I remember a saying that my mother used to repeat: nothing is forever, everything has its time
My memory makes me look to the past, reviewing my call and the part of my life on August 17, 2007 when Cristo Vive began. I felt the call to unite my community in El Maguey, to eat together, to read the Bible, and to be one in Christ. My house was a very humble dwelling, made of dirt. The garage of my house was not covered, so we were out in the open. I was equal to, maybe even poorer than, my debt-ridden and hopeless neighbors. But I wanted with all my heart to do something for others, since I had been left alone, as you may know, and did not want to live without a purpose. My motive was and is to help my neighbors, wherever I am. Most importantly, I wanted God to walk with me to make things right.
In January 2010, my neighbors from the El Maguey and Atotonilco neighborhoods got together and officially registered the Iglesia de Cristo Vive with the Secretary of Foreign Relations of Mexico. Sometime later agents of the Social Services of the State of Jalisco came to approve the facilities of Cristo Vive and to ascertain that this church and its leaders were ready for this great project. Our aim was to help the poorest; however, the irony was that we didn’t see that we were very poor, too.
When the social workers arrived, they could not find the location of Cristo Vive, and they were going around in circles. The small group of people waiting for them—mostly women and children—were nervous, because we needed the registration. Without it the local church could interfere so that Cristo Vive could not be independent and Protestant.
I heard about a truck that was driving around the village, so I went out to see who it was. Here they were . . . these frustrated social workers who could not find us and were now in front of us. I told them, “Here it is! I am the president of Cristo Vive.” Astonished and with great respect they greeted us. I imagine it was a surprise for them. They visit other organizations, which are usually located in huge buildings and are run by entrepreneurs. What they had in front of them was a group of poor people in a humble house wanting to help the poor.
They entered the house and we shared with them water and fruit, which was all that we had to offer. They received it with much respect and gratitude. I apologized and told them to forgive me, because the house was very poor and had a dirt floor. But we wanted to help people, and we wanted the name of Cristo Vive for our organization. They told us not be ashamed. They said this type of project bears better fruit than others, because you have the intention and the courage to undertake something new. They also pointed out that later they would return, and by that time Cristo Vive would have its own building. They couldn’t say when, but only that it would happen, because they believed in us. They made their report and left.
A month later a small group of people from Cristo Vive joined me on a trip to the office of Social Services in Guadalajara, the state capital. The purpose of our visit was to get documentation which would provide recognition of Cristo Vive as a non-profit organization serving the community.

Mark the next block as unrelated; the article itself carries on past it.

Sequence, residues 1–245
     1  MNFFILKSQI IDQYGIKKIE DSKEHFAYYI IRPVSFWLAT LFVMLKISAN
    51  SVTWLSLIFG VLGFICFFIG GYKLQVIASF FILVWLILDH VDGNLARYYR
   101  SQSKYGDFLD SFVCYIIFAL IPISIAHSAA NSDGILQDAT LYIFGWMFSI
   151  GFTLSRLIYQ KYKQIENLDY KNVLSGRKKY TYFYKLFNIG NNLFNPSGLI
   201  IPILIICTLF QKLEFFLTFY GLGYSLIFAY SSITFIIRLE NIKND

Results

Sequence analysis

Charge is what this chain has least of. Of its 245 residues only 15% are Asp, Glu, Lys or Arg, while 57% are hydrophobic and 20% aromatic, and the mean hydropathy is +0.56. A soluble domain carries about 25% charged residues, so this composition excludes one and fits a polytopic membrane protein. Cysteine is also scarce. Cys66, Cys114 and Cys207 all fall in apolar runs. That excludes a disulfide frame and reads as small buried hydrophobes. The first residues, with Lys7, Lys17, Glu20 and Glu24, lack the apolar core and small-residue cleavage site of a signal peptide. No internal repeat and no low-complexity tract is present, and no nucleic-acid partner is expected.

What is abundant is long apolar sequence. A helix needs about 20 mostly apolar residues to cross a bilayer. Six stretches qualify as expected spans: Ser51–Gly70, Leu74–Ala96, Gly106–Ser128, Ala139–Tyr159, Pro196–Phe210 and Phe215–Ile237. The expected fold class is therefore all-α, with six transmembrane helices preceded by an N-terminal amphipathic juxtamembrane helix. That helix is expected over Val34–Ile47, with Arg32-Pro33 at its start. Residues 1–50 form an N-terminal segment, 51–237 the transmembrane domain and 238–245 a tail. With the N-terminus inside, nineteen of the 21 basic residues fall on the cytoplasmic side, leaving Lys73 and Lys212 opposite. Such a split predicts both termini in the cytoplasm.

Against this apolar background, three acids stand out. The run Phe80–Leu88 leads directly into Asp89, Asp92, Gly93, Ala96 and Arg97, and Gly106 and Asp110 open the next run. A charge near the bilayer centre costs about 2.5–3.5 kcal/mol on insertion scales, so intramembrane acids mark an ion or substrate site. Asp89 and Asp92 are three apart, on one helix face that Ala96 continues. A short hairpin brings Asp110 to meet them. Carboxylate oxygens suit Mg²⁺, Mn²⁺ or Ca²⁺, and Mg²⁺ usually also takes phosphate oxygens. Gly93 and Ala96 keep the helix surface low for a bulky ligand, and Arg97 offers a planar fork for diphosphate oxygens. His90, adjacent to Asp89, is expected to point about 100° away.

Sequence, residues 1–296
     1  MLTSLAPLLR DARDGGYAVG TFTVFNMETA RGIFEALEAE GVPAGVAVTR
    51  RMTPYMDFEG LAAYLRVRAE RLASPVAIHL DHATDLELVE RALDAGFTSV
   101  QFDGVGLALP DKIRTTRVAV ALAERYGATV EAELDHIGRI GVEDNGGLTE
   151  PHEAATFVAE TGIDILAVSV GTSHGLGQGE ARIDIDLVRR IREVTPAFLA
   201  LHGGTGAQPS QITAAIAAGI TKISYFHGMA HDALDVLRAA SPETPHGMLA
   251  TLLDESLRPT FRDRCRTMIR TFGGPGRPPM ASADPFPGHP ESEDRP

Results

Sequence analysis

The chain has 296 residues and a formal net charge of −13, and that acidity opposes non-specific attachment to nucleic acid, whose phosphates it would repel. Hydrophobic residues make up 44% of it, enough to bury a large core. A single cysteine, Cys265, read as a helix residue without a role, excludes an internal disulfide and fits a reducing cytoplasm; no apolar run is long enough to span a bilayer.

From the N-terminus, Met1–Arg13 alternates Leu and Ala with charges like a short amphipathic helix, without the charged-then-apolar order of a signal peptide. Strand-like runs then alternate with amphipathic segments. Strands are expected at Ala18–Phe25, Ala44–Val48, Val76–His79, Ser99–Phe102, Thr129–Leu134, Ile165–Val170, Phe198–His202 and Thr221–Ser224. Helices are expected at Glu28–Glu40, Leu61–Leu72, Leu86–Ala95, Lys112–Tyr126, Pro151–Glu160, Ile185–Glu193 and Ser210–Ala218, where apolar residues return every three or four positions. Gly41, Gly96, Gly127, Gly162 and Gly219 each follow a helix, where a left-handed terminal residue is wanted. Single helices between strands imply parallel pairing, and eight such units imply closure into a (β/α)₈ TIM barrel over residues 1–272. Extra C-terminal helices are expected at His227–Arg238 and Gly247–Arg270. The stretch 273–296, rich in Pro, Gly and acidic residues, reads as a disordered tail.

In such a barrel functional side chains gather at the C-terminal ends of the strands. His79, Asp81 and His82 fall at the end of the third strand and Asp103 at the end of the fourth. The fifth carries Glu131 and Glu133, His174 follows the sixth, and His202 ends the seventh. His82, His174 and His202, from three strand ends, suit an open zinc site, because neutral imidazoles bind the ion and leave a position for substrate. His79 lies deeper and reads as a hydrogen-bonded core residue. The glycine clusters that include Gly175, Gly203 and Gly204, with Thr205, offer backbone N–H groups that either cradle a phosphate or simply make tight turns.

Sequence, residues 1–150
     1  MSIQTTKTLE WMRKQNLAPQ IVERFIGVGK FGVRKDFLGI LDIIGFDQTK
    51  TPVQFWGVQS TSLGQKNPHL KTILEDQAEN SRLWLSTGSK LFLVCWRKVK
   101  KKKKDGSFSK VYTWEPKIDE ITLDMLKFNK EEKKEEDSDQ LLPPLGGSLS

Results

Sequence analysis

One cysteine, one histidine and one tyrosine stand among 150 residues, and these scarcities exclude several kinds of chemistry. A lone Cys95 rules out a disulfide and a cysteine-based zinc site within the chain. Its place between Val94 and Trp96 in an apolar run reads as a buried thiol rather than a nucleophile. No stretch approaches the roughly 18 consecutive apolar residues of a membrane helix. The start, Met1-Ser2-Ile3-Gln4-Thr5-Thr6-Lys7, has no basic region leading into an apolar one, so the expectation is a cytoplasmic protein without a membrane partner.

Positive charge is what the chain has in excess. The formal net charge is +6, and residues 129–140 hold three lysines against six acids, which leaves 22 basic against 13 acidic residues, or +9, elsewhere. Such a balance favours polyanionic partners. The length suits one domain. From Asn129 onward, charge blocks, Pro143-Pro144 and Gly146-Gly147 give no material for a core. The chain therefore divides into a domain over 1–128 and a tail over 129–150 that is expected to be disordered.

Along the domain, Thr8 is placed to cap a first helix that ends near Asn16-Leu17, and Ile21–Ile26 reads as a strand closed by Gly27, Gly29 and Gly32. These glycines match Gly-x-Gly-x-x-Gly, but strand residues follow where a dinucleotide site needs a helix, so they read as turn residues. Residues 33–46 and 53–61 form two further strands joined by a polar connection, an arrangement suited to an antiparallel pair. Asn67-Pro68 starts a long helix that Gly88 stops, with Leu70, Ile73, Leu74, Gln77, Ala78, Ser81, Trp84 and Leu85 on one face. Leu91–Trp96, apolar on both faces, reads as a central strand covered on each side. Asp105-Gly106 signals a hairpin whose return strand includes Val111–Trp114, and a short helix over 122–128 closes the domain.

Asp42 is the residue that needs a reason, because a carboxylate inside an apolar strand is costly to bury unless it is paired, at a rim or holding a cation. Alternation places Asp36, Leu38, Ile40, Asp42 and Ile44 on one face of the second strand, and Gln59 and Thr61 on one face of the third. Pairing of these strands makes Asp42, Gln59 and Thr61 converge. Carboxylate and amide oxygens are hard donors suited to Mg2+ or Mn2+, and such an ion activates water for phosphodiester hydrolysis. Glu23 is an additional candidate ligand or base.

Since that visit, Cristo Vive has changed a lot with God’s blessing. It is located at the intersection of two streets. One is Columba Domínguez Street which extends to the main entrance of El Maguey. The local government has paved it, since it was in very bad condition. The school is across Ester Fernández Street, opposite the library side of our building. We’ve been holding our festivities and anniversaries on Ester Fernández Street for several years. But over the last 8 months we’ve had the generous support of San Jose First Church and the Methodist Women’s Group. We use that street, since it is spacious, but in the live broadcasts on Facebook it looked very neglected. With the help of God, I think that the local government felt sorry for how the street appeared as we carried out our activities. In the last three weeks they have been cleaning it and installing new hydraulic concrete there. Our neighbors and members of Cristo Vive are the most benefited, since when it is finished, it will be in better condition for our services and celebrations. The elderly will be safer, since chairs will be set on a firmer place. In truth, that street is our patio or esplanade for Cristo Vive.
There is no doubt that God chooses where He wants members of the community and neighbors to meet: at the corner of Calle Columba Domínguez and Ester Fernández in La Colonia El Maguey (and including neighbors from Atotonilco El Alto), as well as on North 5th and Santa Clara Streets in San José, California.
God’s timing is perfect. It only takes time, faith, and love for the neighbors to have a place to meet to worship Him. The social workers did not doubt that Cristo Vive is the right place for the neighborhood to meet and live in harmony. It works because of the hand of God and every one of those who participate with their financial support and volunteer work.
Changes are often sad and hard, but many times they are necessary. Nothing is forever, and everything changes. You just have to trust God’s timing and believe and live to achieve a dream of helping those who need it most.
God bless you.
Pastor Gerardo Vázquez-Padilla